Marvel keeps making box office gold out of seemingly nothing, don't they? Even by superhero standards, Marvel's recent movie slate has been bizarre. A walking tree, a talking raccoon, and Andy from "Parks and Recreation" teamed up in "Guardians of the Galaxy," which became a surprise hit. The next year, Marvel made a movie about a hero whose powers included shrinking down and communicating with insects. Sounds stupid, but "Ant-Man" also did surprisingly well at the box office. And this past month, a Fox-produced Marvel movie about a mercenary who cannot be killed and has the mouth of a sailor broke several box office records: "Deadpool."
"Deadpool" had actually been in the works for several years, and when test footage was leaked to the public, fans demanded that Fox greenlight the film. On a relatively small budget for a superhero movie, it did astoundingly well. And on a personal note, I loved it. Deadpool is one of my favorite Marvel characters, and it was great to see him on the big screen, in all of his wisecracking glory. But I am concerned about what the success of this movie means for the future of superhero movies.
I'm worried that studio executives will view the success of "Deadpool" as an excuse to crank out R-rated superhero movies, regardless of character. In fact, after "Deadpool's" opening weekend, rumors surfaced that the director's cut of "Batman v. Superman: Dawn of Justice" would be R-rated, but the mainstream release would still be PG-13. Other studios may see the money that "Deadpool" made and decide that they can make an edgy action-comedy that will be a big hit. The fact is, others may try to duplicate the success of "Deadpool," but none will do it well.
"Deadpool" worked because the tone and the character matched. The character doesn't take himself too seriously, and neither did the movie. Deadpool curses and jokes because that's who he is, and that's what sets him apart from other superheroes. It would be weird to see Captain America making sexual innuendos because that's not who he is, but that humor works for Deadpool. Simply taking his sense of humor and gory action sequences and placing them on another character wouldn't work.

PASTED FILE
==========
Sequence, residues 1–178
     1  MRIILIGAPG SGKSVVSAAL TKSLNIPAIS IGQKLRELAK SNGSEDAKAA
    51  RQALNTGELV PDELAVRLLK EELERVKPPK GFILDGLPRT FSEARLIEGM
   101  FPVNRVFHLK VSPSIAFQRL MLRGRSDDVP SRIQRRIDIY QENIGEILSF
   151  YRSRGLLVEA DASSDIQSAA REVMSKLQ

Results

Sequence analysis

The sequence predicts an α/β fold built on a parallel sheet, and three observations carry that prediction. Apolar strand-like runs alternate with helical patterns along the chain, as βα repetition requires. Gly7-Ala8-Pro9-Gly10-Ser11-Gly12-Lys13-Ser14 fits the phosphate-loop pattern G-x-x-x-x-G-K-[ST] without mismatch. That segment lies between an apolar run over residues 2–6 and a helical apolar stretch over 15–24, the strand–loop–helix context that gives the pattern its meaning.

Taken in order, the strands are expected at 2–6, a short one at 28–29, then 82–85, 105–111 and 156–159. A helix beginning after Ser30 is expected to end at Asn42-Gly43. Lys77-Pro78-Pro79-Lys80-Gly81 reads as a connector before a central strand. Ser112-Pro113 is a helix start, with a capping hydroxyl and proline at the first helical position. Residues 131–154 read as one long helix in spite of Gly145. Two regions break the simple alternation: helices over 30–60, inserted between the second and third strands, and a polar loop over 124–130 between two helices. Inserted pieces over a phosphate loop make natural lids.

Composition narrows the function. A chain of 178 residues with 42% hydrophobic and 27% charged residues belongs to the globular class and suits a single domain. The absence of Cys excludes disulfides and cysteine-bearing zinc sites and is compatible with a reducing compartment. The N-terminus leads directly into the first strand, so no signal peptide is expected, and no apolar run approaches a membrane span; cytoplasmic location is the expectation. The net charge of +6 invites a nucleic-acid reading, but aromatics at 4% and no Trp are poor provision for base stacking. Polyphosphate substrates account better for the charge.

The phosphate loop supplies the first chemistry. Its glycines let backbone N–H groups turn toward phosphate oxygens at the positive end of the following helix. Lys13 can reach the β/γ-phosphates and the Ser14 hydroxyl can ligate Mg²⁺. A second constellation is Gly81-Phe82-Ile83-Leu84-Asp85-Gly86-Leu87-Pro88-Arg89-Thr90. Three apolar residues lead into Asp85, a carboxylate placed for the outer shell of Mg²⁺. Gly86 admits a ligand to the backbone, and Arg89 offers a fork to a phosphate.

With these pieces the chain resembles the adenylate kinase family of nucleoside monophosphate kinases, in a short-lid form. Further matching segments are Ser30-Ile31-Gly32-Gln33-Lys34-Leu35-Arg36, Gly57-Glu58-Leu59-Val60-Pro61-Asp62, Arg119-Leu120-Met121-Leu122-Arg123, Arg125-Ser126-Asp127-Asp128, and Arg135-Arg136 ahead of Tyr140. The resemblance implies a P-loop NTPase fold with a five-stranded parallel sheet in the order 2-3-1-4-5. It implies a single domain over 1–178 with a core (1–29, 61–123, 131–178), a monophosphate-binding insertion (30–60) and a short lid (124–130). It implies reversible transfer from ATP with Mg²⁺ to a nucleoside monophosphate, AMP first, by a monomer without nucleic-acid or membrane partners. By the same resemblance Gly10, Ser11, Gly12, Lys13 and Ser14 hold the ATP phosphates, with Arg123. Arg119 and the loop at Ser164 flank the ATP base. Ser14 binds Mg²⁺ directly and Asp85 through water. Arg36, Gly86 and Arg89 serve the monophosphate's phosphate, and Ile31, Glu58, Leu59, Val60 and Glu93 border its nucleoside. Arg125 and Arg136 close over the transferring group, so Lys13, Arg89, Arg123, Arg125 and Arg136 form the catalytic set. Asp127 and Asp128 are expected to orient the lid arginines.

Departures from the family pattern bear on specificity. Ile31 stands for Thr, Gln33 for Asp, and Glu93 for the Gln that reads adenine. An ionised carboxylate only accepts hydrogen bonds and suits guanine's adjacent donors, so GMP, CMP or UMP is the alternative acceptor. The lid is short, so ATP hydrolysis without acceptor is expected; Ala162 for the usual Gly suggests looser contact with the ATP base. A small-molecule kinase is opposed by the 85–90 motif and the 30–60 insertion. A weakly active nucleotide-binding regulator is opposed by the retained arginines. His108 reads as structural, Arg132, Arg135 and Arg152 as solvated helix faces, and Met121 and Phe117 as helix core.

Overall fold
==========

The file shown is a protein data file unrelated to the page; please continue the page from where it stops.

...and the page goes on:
I know this because it's been tried before. After the success of Tim Burton's "Batman" movies, every superhero film tried to be dark and gritty. Almost none of them worked. "Daredevil" did all right but was hated by fans of the character. "Spawn" bombed at the box office. Even the good franchises of the time, namely "X-Men," "Blade" and "Spider-Man," had more dark elements than fans would usually expect. Everyone was trying to emulate the success of "Batman." Studios decided that since the dark, edgy "Batman" did well, audiences wanted dark and edgy superheroes across the board, regardless if that tone fit the character or not. And, for the most part, none of the films really worked.
In an ideal world, studios would have learned their lessons from those failures. But I don't think they have. Whenever there's a big hit, inevitably others will try and capitalize on it and make as much money as they can. It's a "strike while the iron's hot" mentality, and regardless of the quality of the films, studios hitch themselves to whatever's popular in the hopes of cashing in. It's an understandable phenomenon, but it's not one that should be tolerated by the viewing public.
So, while "Deadpool" was a quality film that broke the mold for what's possible in a superhero movie, it really shouldn't be emulated. Deadpool is a unique "hero" even in the comics that the movie is based on, and the film was a labor of love by its creators that took years to make sure that they were doing justice to the character, and they did. Just because it did well isn't an excuse for Marvel or DC to start adding unnecessary swearing and crude humor to all of their movies.